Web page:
Thanks for the props Dare. I've worked in operations at Microsoft since 1999 and most people outside of the group are truly amazed at what is involved.
Tuesday, July 11, 2006 1:48:30 PM (GMT Daylight Time, UTC+01:00)
The power supply issue in particular is yet another of those things that mainframe people have thought about hard for years and that PC people have finally realized "Hey! when you scale up enough, this becomes something to plan around!"
Tuesday, July 11, 2006 2:52:03 PM (GMT Daylight Time, UTC+01:00)
Hmmm, I take it you have comment moderation on... I don't actually see any note, here to that effect, though.
Daniel Walker
Tuesday, July 11, 2006 3:05:01 PM (GMT Daylight Time, UTC+01:00)
5 years ago, IBM were making this very point. They were replacing hundreds of Sun small-box servers with individual mainframes:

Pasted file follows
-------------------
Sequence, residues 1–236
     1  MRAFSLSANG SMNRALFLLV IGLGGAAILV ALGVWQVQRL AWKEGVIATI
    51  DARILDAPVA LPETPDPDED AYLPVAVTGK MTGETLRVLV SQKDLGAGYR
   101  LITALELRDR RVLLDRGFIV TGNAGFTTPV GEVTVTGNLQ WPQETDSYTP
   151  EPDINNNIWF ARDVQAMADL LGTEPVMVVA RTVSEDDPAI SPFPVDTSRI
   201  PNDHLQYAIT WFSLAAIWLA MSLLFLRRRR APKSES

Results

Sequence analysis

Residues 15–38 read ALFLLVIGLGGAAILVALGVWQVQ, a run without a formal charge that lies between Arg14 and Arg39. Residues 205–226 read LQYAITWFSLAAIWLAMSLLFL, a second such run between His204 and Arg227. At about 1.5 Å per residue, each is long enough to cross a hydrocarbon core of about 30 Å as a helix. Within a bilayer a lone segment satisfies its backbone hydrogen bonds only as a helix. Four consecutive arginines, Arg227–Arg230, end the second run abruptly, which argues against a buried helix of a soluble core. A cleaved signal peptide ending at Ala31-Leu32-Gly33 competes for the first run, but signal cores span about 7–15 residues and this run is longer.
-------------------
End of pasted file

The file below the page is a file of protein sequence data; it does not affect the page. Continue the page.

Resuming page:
About that time, Scott McNealy was talking his "big talk" about meeting the needs of customers who measured their computing needs "by the acre". A lot of this was disregarded, since the bell whether companies of the Web were simply building out vast clusters of commodity PC-based servers (and in this, I actually include Google, which was bragging about it's ability to quicky add server capacity to it's network, this way).

In my opinion, the companies that have been grappling with computing on a global scale for decades, such as banks and travel agencies, don't attract the same glamour to them, because people just expect the cash machine to work, or the plastic card to handle the transaction, without even noticing that what they are using is one of the best computer interfaces in the world (they don't even notice that they are using it, or think of it as a computer interface). Fancy interfaces get lengthy articles written about them: *great* computer interfaces disappear into the background and become indespensible.